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CervicalCheck Tribunal: Vicky Phelan says patients’ concerns have been completely ignored


By Megan Burns
22nd Oct 2020

Vicky Phelan via Twitter

CervicalCheck Tribunal: Vicky Phelan says patients’ concerns have been completely ignored

Minister for Health Stephen Donnelly announced October 27 as the start date for the CervicalCheck Tribunal, but campaigner Vicky Phelan says the concerns of women and families affected have been ignored.


With the announcement by Minister for Health Stephen Donnelly that the CervicalCheck Tribunal would commence work on October 27, campaigner Vicky Phelan expressed her anger at “a flat rejection of all of our concerns”.

The tribunal, which was supposed to begin in March, had been delayed by the Covid-19 pandemic, and is intended to act as an alternative to legal proceedings for those affected by misread cervical cancer screenings. There are 203 active claims related to the the CervicalCheck scandal, while a further eight have been resolved.

On Twitter, Vicky Phelan raised a number of ways in which the announcement ignores the issues raised by CervicalCheck patient support group, 221+.

Firstly, she was shocked at the minister’s announcement came on the same day that the group received a letter informing them of the tribunal’s start date, giving them no prior warning that the start date was so imminent, not to mention that this date falls just as the country is going back into its highest level of lockdown.

“The @221plus women & families who this Tribunal is aimed at, were not afforded an opportunity to respond to the Minister’s decision to formally establish the Tribunal BEFORE it was announced.” Vicky tweeted. “As we have become used to, those most affected are often the last to know.”

She goes on to explain that the group met the minister six weeks ago over video call and outlined several concerns about the tribunal, all of which, she says, have been rejected by this announcement.

Firstly, she says, they asked for a non-adversarial route to be found for the Tribunal, one not requiring women to fight the labs which misread their tests.

“Women could instead rely on the non-delegable duty owed to them by the HSE, who were found primarily responsible for the cervical screening programme in the Morrissey case. The HSE could then rely on their contractual and legal indemnities against the lab,” Vicky says.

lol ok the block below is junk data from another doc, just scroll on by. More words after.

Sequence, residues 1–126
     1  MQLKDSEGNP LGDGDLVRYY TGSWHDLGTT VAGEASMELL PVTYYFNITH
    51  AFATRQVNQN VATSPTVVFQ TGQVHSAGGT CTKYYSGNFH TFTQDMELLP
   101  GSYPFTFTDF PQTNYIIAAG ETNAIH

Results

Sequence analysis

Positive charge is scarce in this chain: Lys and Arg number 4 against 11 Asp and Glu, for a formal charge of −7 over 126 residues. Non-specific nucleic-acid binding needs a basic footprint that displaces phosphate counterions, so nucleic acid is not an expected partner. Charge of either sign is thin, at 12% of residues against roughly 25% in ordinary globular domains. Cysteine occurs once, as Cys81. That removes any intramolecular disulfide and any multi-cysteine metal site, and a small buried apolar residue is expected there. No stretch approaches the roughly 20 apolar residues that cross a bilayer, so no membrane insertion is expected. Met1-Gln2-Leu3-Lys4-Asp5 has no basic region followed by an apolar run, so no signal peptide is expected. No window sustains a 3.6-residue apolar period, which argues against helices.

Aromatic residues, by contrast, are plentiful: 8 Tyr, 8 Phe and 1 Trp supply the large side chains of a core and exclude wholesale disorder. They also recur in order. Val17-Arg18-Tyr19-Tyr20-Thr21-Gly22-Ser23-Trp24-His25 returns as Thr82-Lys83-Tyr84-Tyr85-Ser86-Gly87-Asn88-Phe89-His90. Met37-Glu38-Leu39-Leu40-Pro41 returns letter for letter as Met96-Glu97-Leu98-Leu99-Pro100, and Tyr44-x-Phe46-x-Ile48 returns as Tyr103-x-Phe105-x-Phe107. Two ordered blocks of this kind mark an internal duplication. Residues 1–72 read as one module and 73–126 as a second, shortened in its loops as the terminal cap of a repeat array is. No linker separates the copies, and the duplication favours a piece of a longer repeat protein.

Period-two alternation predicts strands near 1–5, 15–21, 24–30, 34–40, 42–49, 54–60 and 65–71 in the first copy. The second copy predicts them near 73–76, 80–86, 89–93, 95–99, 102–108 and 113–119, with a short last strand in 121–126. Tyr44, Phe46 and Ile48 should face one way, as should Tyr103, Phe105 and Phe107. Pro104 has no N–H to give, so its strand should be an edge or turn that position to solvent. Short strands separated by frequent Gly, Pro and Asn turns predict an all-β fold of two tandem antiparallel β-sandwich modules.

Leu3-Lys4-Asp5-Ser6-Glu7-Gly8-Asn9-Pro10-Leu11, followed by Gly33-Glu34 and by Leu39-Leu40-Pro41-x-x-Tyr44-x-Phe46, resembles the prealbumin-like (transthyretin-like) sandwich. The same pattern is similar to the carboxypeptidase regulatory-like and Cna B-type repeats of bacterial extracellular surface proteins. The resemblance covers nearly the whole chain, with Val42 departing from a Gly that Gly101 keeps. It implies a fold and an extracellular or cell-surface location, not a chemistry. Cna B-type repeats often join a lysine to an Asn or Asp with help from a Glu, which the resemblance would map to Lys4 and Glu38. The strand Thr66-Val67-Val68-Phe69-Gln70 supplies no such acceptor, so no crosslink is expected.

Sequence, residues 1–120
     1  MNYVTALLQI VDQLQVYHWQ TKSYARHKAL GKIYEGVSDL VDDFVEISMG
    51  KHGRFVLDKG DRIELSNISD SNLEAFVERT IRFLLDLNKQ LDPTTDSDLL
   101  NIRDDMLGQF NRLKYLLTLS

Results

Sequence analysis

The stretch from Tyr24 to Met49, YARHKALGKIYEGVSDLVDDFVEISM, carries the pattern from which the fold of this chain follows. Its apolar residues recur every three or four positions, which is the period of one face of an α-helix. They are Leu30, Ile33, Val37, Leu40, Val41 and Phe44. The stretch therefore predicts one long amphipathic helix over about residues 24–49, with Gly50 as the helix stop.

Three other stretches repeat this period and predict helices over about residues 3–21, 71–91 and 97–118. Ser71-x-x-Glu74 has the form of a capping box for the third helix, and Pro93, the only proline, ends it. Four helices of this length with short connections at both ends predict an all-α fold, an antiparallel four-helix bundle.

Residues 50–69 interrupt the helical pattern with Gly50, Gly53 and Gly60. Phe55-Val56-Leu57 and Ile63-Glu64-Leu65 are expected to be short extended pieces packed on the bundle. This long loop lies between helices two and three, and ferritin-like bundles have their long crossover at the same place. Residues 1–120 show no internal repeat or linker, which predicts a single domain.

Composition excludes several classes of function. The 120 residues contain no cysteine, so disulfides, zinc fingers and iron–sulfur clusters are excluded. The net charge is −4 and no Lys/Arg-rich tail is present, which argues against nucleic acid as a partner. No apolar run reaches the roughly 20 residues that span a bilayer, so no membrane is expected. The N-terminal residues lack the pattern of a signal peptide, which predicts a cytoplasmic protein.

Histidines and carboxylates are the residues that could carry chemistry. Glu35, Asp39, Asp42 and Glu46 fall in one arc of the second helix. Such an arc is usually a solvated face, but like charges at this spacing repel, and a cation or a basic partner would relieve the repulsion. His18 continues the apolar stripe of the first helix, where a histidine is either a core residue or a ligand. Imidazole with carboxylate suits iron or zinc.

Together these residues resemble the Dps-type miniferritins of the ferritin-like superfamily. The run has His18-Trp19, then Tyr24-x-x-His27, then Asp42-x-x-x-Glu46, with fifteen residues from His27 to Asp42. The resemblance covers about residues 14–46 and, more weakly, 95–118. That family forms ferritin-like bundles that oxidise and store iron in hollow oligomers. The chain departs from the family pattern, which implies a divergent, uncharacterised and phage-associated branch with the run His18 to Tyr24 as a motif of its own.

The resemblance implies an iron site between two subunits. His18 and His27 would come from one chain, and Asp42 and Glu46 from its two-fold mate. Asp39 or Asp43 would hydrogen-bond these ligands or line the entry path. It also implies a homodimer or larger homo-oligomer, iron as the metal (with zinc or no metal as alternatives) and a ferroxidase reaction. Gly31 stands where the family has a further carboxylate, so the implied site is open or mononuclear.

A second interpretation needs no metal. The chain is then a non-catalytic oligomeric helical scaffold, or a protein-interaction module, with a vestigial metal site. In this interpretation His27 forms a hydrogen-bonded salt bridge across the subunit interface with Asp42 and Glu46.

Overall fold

“The Minister rejected these arguments and set out in his letter how the laboratories MUST be involved in proceedings if taken before the Tribunal. This will NOT be acceptable to many of our members.”

Secondly, she explains that they asked that applicants to the Tribunal who receive an award be allowed to return to the Tribunal should they suffer a recurrence of their cancer. She gives the example of how the State allowed applicants in the Hepatitis C Tribunal to return if their health deteriorated.

This right, she points out, would be preferable to the High Court rules, which do not allow a return, however she says the minister did not address this concern at all.

Thirdly, Vicky points out that the group is concerned that the Statute of Limitations may prevent some of their members getting justice.

“We explained to the Minister that some of our members have received legal advice that they may now be statute-barred because they relied on the Government’s promise of a ‘non-adversarial’ Tribunal and did not issue HC proceedings.”

“These members may now, through no fault of their own, be statute-barred because of delays by Government of more than two years in establishing this Tribunal. The Minister did not address this issue.”

She concludes by saying that the Tribunal therefore does not prioritise the needs of the women affected, and asks the minister to reconsider. If it does go ahead in the current format, she says, they will be recommending that members of 221+ do not participate.

Featured image: Vicky Phelan


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